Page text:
Skip to main content

Weekly Wash: the 5 biggest camera news stories of the week (27 October)

Weekly Wash: the 5 biggest camera news stories of the week (27 October)
(Image credit: OmniVision / Fujifilm / Canon)

The photographic industry is so often a reality built on rumors, but this week's camera news has been dominated by actual, physical products that are here right now… well, most of them. 

Both Fujifilm and Canon made headlines with their new flagship cameras – Canon's won't be available for a while yet, but we actually got to see one in the flesh, while we took Fujfilm's out for a test drive.

Canon also teased a brand new, high-end mirrorless camera, and also gave us a pair of new high performance optics to play with. And finally, the world greeted the smallest ever camera that's the size of a grain of sand!

These are the five biggest camera news stories this week…

Canon EOS-1D X Mark III announced!

(Image credit: James Artaius / Digital Camera World)

Canon has officially announced its new flagship pro camera, the Canon EOS-1D X Mark III – and it boasts a new AF sensor with 28 times the resolution of its predecessor, along with a new Digic processor, AF deep learning algorithm, 4K 60fps video, 20fps stills shooting, CFexpress storage and “hybrid” mirrorless qualities.

The EOS-1 series has been around for 30 years and, in an unofficial celebration, the Canon EOS-1D X Mark III celebrates the occasion by being featuring some of the most advanced technology ever seen in a Canon camera.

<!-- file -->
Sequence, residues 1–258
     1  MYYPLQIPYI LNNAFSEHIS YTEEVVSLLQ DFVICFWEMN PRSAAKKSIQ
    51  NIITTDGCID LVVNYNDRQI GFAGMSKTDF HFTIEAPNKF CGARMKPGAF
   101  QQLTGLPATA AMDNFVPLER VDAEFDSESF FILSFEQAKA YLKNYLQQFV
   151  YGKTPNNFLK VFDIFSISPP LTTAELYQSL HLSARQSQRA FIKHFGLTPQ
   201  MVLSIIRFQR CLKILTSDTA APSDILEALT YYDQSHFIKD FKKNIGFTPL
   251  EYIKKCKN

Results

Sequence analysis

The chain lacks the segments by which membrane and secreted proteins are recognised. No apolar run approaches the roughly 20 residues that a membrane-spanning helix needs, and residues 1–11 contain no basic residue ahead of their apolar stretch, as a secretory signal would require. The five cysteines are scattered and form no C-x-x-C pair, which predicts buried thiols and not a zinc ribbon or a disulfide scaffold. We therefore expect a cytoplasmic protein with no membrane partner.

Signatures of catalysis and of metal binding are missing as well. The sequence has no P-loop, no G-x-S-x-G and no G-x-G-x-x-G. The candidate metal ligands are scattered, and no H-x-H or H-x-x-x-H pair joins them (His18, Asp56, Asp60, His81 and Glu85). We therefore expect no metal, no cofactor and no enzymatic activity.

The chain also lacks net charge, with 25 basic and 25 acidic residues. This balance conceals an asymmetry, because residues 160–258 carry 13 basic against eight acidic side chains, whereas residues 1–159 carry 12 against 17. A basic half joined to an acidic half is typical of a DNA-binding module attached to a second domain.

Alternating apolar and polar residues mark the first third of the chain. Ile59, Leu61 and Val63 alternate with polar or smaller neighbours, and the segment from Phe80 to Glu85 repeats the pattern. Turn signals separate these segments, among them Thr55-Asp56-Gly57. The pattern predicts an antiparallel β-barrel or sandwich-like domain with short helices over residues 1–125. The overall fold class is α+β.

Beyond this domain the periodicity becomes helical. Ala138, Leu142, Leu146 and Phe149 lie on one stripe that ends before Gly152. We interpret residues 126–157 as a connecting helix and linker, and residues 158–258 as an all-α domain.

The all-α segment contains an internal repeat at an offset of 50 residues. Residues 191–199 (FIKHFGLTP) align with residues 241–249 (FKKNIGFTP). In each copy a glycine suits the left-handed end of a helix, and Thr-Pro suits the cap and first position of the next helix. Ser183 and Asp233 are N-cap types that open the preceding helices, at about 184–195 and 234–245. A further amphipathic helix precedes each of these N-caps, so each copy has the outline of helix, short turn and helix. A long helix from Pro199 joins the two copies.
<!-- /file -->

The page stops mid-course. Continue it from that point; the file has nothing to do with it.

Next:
Proudly proclaimed as “the ultimate camera for sports and wildlife” that ushers in “a new era of AF speed and accuracy”, the 1D X Mark III’s headline feature is undoubtedly its autofocus performance…

Read more: Canon EOS-1D X Mark III announced: "hybrid" DSLR has deep learning AF with “28x more resolution than 1D X Mark II”

Fujifilm X-Pro3 will change the way you shoot

(Image credit: James Artaius / Digital Camera World)

The new Fujifilm X-Pro3 is likely to cause a stir in all sorts of ways, but its headline feature is an extraordinary – some might say bizarre – rear screen that faces inwards not outwards and only becomes visible when you tilt the screen downwards.

It sounds barmy but this inside-out screen, which we first reported in September, could actually be a stroke of brilliance. Why? Because it will stop us staring at the picture we’ve just taken and make us concentrate instead on the picture we’re going to take next! 

You can get the full story in our hands-on Fujifilm X-Pro3 review, where we take a closer look at many of this new camera’s other key features… 

Read more:
Fujifilm X-Pro3 officially arrives and turns regular photography inside out
Hands on: Fujifilm X-Pro3 review

Canon teases pro Canon EOS R with IBIS

(Image credit: James Artaius / Digital Camera World)

Rumors and speculation have been rife about a Canon EOS R pro version – which many have taken to calling the ‘Canon EOS RX’ – ever since the original model released last October. Now Canon has officially confirmed to us that something is in the works.